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Evidence Based Medicine: A short background and brief literature review


Evidence-Based Practice...

"A way of providing health care that is guided by a thoughtful integration of the best available scientific knowledge with clinical expertise. This approach allows the practitioner to critically assess research data, clinical guidelines, and other information resources in order to correctly identify the clinical problem, apply the most high-quality intervention, and re-evaluate the outcome for future improvement." (2009 Medical Subject Headings (MeSH)).




"Twenty years ago, you could read all the literature in your field," said reference librarian Kathy Robbins, PhD, MLIS, scanning shelf after shelf of medical journals at the University of Minnesota Bio-Medical Library in Minneapolis. "Now, 6000 journal articles are published each day."1

(That would be thirty five years ago today.)


Historically there “were a number of physicians who seem to have courted the sort of deference more likely to be associated with landed gentility.”2


“Evidence based medicine quickly became an energetic intellectual community committed to making clinical practice more scientific and empirically grounded and thereby achieving safer, more consistent, and more cost effective care.Achievements included establishing the Cochrane Collaboration to collate and summarize evidence from clinical trials;4 setting methodological and publication standards for primary and secondary research;5 building national and international infrastructures for developing and updating clinical practice guidelines;6 developing resources and courses for teaching critical appraisal;7 and building the knowledge base for implementation and knowledge translation.8”9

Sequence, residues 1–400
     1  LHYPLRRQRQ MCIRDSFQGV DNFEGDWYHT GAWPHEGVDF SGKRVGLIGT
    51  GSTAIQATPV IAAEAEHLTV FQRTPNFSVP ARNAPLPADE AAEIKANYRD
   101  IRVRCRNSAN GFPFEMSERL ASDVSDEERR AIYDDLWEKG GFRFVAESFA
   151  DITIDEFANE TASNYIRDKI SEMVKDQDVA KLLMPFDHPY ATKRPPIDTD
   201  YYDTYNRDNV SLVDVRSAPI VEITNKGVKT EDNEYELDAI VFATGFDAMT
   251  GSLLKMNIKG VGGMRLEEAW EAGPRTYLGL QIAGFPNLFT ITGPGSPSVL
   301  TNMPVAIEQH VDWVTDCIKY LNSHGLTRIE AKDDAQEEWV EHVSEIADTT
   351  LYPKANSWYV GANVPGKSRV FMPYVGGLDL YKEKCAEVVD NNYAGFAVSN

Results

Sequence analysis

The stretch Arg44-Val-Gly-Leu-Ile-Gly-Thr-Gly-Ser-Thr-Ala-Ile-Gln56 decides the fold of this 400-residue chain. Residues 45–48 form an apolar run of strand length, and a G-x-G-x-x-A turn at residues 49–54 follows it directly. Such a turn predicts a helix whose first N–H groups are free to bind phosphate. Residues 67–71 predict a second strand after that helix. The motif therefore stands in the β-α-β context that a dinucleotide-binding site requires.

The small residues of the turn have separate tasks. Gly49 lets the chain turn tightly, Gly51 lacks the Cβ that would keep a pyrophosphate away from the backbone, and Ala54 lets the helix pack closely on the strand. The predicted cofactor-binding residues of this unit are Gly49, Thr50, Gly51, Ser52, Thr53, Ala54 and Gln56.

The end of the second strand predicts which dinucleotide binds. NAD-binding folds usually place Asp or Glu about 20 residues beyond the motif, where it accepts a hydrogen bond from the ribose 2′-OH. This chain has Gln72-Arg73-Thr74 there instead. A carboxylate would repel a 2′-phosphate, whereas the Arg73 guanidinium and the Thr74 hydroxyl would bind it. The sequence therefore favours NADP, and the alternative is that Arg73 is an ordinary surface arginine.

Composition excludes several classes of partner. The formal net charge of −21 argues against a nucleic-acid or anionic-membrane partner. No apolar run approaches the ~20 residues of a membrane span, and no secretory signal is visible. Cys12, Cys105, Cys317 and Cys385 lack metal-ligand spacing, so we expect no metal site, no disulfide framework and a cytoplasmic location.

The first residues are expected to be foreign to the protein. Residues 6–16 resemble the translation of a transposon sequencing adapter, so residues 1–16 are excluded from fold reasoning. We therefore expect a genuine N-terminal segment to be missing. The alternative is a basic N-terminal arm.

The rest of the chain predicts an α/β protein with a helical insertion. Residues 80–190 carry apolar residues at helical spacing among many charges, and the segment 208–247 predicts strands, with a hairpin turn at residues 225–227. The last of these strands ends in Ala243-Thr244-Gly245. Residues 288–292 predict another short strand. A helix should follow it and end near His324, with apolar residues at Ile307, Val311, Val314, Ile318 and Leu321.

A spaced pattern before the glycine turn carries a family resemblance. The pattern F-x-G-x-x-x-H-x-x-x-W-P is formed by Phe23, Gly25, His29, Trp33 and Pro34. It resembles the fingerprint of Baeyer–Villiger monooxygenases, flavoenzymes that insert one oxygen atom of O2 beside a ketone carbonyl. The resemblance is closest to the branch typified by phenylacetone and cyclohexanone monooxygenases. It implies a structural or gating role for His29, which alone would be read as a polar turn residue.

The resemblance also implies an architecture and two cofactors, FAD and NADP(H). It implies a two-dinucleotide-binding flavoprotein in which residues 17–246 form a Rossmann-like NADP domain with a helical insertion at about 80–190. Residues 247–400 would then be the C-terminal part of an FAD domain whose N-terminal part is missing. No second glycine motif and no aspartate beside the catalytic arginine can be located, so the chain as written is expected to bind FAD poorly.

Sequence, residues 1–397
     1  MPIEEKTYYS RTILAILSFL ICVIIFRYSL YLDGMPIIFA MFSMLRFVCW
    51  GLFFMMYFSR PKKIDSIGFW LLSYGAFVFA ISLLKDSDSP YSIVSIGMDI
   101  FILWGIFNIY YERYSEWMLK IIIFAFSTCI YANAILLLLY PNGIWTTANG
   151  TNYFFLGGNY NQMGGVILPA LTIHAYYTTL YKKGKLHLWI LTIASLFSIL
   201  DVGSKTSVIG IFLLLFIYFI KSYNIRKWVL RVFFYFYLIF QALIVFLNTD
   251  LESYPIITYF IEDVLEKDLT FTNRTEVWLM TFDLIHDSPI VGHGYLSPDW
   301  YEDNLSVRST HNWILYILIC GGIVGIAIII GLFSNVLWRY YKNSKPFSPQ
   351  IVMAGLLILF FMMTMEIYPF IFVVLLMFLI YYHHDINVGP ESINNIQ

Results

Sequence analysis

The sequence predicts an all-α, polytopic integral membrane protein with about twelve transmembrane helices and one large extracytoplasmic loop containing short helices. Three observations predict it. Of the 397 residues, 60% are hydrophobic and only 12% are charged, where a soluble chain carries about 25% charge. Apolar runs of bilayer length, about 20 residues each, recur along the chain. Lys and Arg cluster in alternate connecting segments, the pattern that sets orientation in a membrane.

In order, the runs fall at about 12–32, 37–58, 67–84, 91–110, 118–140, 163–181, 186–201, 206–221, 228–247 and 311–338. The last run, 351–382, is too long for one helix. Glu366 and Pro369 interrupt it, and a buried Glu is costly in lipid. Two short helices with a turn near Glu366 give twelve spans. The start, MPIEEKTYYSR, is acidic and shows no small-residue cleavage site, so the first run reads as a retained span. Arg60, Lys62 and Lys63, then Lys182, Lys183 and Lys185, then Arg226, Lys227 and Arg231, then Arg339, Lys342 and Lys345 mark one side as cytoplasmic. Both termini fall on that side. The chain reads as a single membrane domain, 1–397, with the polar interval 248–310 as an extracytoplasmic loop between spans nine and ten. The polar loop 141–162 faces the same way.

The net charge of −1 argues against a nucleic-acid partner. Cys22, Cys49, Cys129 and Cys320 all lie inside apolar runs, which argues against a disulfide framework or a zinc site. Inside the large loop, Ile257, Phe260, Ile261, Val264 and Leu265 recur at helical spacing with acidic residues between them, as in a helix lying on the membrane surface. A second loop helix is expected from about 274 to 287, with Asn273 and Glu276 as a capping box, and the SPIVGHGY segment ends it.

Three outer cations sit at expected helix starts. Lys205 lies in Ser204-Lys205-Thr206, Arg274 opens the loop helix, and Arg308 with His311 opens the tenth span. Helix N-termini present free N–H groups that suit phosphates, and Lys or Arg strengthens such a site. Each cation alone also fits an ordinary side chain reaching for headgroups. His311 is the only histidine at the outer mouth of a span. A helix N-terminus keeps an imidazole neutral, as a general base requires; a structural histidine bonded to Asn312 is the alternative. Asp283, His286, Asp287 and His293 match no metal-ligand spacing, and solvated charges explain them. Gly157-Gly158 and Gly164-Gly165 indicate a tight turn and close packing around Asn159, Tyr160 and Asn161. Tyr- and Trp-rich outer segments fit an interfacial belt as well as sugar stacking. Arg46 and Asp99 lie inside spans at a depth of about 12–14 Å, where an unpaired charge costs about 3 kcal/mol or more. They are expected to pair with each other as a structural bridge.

1. Levin, A. (2001). The Cochrane Collaboration. Annals Of Internal Medicine, 135(4), 309-312.

2. Lawrence, C. (1985). Incommunicable knowledge: Science, technology and the clinical art in britain 1850-1914. Journal of Contemporary History, 20(4), 503-520. Retrieved from

3. Pope C. Resisting evidence: the study of evidence-based medicine as a contemporary social movement. Health 2003;7:267-82.

4. Levin A. The Cochrane Collaboration. Ann Intern Med 2001;135:309-12. [PubMed]

5. Simera I, Moher D, Hirst A, Hoey J, Schulz KF, Altman D. Transparent and accurate reporting increases reliability, utility, and impact of your research: reporting guidelines and the EQUATOR Network. BMC Med 2010;8:24. [PMC free article] [PubMed]

6. Hill J, Bullock I, Alderson P. A summary of the methods that the National Clinical Guideline Centre uses to produce clinical guidelines for the National Institute for Health and Clinical Excellence. Ann Intern Med 2011;154:752-7. [PubMed]

7. Horsley T, Hyde C, Santesso N, Parkes J, Milne R, Stewart R. Teaching critical appraisal skills in healthcare settings. Cochrane Database Syst Rev 2011;11: CD001270. [PubMed]

8. McCormack L, Sheridan S, Lewis M, Boudewyns V, Melvin CL, Kistler C. Communication and dissemination strategies to facilitate the use of health-related evidence. Evidence Reports/Technology Assessments No 213. US Agency for Healthcare Research and Quality, 2013.

9.Greenhalgh, T., Howick, J., & Maskrey, N. (2014). Evidence based medicine: a movement in crisis?. BMJ (Clinical Research Ed.), 348g3725. doi:10.1136/bmj.g3725





MeSH headings for types of evidence...see below

Evidence Hierarchy

Science Librarian

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